ON THE AGENDA
FOR four hours yesterday, Parliament scrutinised the Auditor-General's findings of accounting lapses in the Aljunied-Hougang-Punggol East Town Council's (AHPETC) financial statements.
While two ministers spoke critically of the Workers' Party-run town council, its party chief and the town council chairman took pains to remind the House that there was no evidence of corrupt practices or missing money, and stressed that improvements had been made.
Opposition-run town council's financial statements in the spotlight
THE Government will withhold $7 million in grants from the Workers' Party-run Aljunied- Hougang-Punggol East Town Council until it sets its house in order, National Development Minister Khaw Boon Wan said.
The Town Councils Act will also be changed to give his ministry greater power to regulate town councils and take errant ones to task.
Even as WP chief Low Thia Khiang and town council chairman Sylvia Lim stressed that the Auditor-General's Office report found no evidence of corrupt practices or missing money, Law Minister K. Shanmugam noted that "so many things had gone disastrously wrong".
The WP MPs and town councillors "appear to have seriously breached your fiduciary duties", he said, asking them to come clean and explain themselves to the public and residents.
The debate continues today.
Easing the use of underground space
TWO Bills to pave the way for underground development in Singapore were introduced yesterday, a move following a proposal by National Development Minister Khaw Boon Wan last September to set out an underground masterplan.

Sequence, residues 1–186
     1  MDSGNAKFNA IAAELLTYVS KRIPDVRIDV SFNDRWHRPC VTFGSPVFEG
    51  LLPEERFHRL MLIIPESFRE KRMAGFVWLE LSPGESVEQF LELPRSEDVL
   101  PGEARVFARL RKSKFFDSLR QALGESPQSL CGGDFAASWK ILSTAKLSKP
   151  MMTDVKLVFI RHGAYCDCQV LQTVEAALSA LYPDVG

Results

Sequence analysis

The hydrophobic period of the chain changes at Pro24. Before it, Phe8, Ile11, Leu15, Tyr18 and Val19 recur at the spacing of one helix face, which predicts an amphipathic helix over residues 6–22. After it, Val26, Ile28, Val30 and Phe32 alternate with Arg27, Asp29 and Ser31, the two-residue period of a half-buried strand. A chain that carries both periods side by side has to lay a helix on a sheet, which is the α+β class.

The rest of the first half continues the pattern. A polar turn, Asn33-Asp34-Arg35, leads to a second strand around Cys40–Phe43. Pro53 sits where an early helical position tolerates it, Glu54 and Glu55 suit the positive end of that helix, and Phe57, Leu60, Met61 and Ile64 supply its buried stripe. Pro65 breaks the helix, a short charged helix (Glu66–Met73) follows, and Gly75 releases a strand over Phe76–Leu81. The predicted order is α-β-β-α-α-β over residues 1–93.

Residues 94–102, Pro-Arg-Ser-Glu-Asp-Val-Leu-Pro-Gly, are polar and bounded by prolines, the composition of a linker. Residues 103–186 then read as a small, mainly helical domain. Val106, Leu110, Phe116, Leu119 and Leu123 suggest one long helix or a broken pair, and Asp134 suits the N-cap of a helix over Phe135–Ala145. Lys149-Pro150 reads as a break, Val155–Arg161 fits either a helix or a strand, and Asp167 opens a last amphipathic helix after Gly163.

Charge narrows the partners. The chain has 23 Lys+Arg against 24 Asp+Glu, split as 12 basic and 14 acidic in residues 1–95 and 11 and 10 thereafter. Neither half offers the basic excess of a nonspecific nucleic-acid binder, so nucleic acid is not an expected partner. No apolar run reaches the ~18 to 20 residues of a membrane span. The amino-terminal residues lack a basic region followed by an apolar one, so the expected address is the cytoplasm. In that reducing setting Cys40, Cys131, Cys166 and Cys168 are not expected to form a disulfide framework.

If passed, it would mean that landholders will own the space down to 30m below a level known as the Singapore Height Datum unless otherwise stated in the land title. Land below that will belong to the State. The Government will also be allowed to acquire strata space below or above ground to develop public projects, without owning the surface land.
Licence needed for firms that mine seabed
FIRMS that mine for minerals on the ocean floor will now need a licence to do so.
The Deep Seabed Mining Bill - introduced in Parliament last month - was passed yesterday. The development brings Singapore in line with obligations under the United Nations Convention on the Law of the Sea.
Companies found guilty of unauthorised mining can be fined up to $300,000.
Committee looking into code of conduct for debt collectors
A GOVERNMENT advisory committee for moneylending, initiated by the Law Ministry last June, is expected to address the conduct of debt collectors in its final report, which will be released by the end of next month.
But even now, individuals have a means of recourse if they feel intimidated by debt collectors - for instance, the Penal Code, which makes it an offence if hurt or threatening behaviour is involved, assured Senior Minister of State for Law Indranee Rajah.
Quota of two-room flats for singles could go up
ABOUT three-quarters of new two-room flats were given to singles between 2013 and 2014 - even though just a third of these were set aside for them. And the Government, said Minister of State for National Development Maliki Osman, might consider increasing the quota if there is a declining demand from families and other first-timers.
Childcare target nearly reached
ABOUT 17,000 childcare places have been added over the past two years, placing the Government on track to meet its target of adding 20,000 places by 2017.
Minister for Social and Family Development Chan Chun Sing gave this update in response to Dr Intan Azura Mokhtar (Ang Mo Kio GRC), who wanted to know the progress of increasing childcare places here.
This article was first published on February 13, 2015.
Get a copy of The Straits Times or go to straitstimes.com for more stories.